Physics Simulation Test Case - Need Help

Hey Everyone!

I hope I am posting this in the proper location.
I am fairly new to C++ and the Unreal Engine architecture, but am trying to learn and become more familiar with it.

Here is what I am trying to achieve:

Test Case:

  • Ball Mesh (Particle Representation)
  • Pipe
  • The Ball (PR) needs to move in a direction with a set velocity down into the top portion of the pipe where it will collide with the inside wall of the pipe. As it collides, it gains speed and deflects where it collides yet again, deflecting it and causing it to gain even more speed. This process will continue until the Ball (PR) is moving at incredible speed and has stopped moving downward in the pipe but is deflecting off of the walls at a standstill level (these results must be as accurate as real life and need to be accomplished using the physics systems/engine within ue4). Performance is not an issue right now as this is going to be an experiment to simply spit out data that can be viewed after the simulation has been run.

Any help on where to start, what I need to look into, or any other tips would be great.


Hi there and welcome,
I’m a bit confused because you say that the results must be accurate to real life, but you want the ball to gain speed with each collision? Could you clarify what you mean?

Dear Jeremy,

The must fundamental first issue is that as of 4.5 Epic still has not addressed the issue that you cannot use the Physics engine with static meshes whose collision is set to per poly (complex as simple).

I have already reported this issue here.


To do what you are wanting the very first thing you will need is your concave pipe shape with proper physics collision.

Unless you did this by hand somehow I imagine you will want to wait until 4.6 / whenever we can use complex as simple with physics engine.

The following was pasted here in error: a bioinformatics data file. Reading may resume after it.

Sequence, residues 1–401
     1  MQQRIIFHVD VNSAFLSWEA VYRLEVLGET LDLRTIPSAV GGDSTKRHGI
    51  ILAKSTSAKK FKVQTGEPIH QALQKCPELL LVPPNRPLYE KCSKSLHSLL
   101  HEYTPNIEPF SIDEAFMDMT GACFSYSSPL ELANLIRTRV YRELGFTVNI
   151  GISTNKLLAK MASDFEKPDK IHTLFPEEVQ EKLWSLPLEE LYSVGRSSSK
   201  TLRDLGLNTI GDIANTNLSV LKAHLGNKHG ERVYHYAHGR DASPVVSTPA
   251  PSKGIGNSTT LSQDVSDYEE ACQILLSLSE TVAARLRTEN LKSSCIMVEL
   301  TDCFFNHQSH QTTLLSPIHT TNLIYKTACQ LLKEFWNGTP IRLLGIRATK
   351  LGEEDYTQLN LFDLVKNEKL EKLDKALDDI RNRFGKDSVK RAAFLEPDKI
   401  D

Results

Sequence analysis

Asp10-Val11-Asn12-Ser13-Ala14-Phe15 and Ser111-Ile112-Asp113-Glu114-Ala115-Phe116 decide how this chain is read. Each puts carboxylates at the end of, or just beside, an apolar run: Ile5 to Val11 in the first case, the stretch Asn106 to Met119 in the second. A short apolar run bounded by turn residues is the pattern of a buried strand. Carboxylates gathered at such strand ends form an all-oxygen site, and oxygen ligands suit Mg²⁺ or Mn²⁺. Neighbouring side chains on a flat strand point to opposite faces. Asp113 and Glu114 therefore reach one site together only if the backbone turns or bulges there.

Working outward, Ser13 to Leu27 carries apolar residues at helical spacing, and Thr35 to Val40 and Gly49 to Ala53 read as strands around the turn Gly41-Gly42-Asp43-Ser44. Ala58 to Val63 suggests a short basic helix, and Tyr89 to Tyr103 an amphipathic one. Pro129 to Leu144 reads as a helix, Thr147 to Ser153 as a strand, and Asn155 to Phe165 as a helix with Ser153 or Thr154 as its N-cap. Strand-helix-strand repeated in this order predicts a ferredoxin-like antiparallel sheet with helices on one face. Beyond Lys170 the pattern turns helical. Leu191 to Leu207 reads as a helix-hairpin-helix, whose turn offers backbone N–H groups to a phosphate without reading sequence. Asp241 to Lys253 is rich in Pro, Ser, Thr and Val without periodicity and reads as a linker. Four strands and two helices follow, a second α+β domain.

You can verify whether your imported collision worked, or if Auto Convex Collision was sufficient to the task, by going into your pipe static mesh editor and making sure Collision button is active so you can see current collision primitives.

If you dont want to wait till 4.6+, you will need to create the physics collision primitives by hand in your modelling program using UCX_NameOfYourFile and a bunch of convex shapes. *reference

If you dont want to do the above you can try using auto convex collision but that typically wont be working too well for a long completely enclosed shape like a pipe.

Once you’ve found a way to address this first matter we can discuss the rest of your question :slight_smile:



I have already successfully built all of the collision (and am able to run simple physics simulations already). I am wondering about the rest of the problem :slight_smile:
I guess I should have specified that I already had those elements working. I am more confused about giving objects velocity and specifying attributes (and how to implement them in c++).


Wouldn’t the ball gradualy loose speed/energy upon collision rather then gaining it?
I am just confused with the combination of the words like in real life, and something I have a hard time to percieve as a real life scenario. Otherwise we have just solved the problem of free energy.

I must have not worded this properly. My apologies.
Here is an image that will hopefully get the point across.


Dear Jeremy,

Are you using a Particle System Component Mesh, or an actual static mesh that is simulating physics?

Adding the impulses you want to a static mesh that is simulating physics each time it collides with the walls of the tube is quite do-able!

The first thing you need to do is verify you are getting the hit event for the static mesh actor!

So your particle needs to be extending AStaticMeshActor and override this event:


virtual void ReceiveHit(class UPrimitiveComponent* MyComp, class AActor* Other, class UPrimitiveComponent* OtherComp, bool bSelfMoved, FVector HitLocation, FVector HitNormal, FVector NormalImpulse, const FHitResult& Hit) override;


void AVictoryWall::ReceiveHit(
	class UPrimitiveComponent* MyComp, 
	class AActor* Other, 
	class UPrimitiveComponent* OtherComp, 
	bool bSelfMoved, 
	FVector HitLocation, 
	FVector HitNormal, 
	FVector NormalImpulse, 
	const FHitResult& Hit
  //Verify you got here by sending output to yourself!
   GEngine->AddOnScreenDebugMessage(-1, 5.f, FColor::Red, FString::Printf(TEXT("Hit impulse!: %s), *NormalImpulse.ToString()  ));

If GEngine does not compile for you make sure your project is including Engine.h not EngineMinimal.h


PS: I can post a complete code sample once you verify that you are using a static mesh actor and that yes you need whole code sample

Rama! You are awesome :smiley:
Thanks for this! I am going to be reading over this and implementing it soon!

Will post an update soon. Thanks again!

PS: I am using a static mesh (not a particle). However, the static mesh is suppose to represent a particle (and will later need to behave like one).


Okay let me know how it goes! I can help you out as you get further along in this process any time!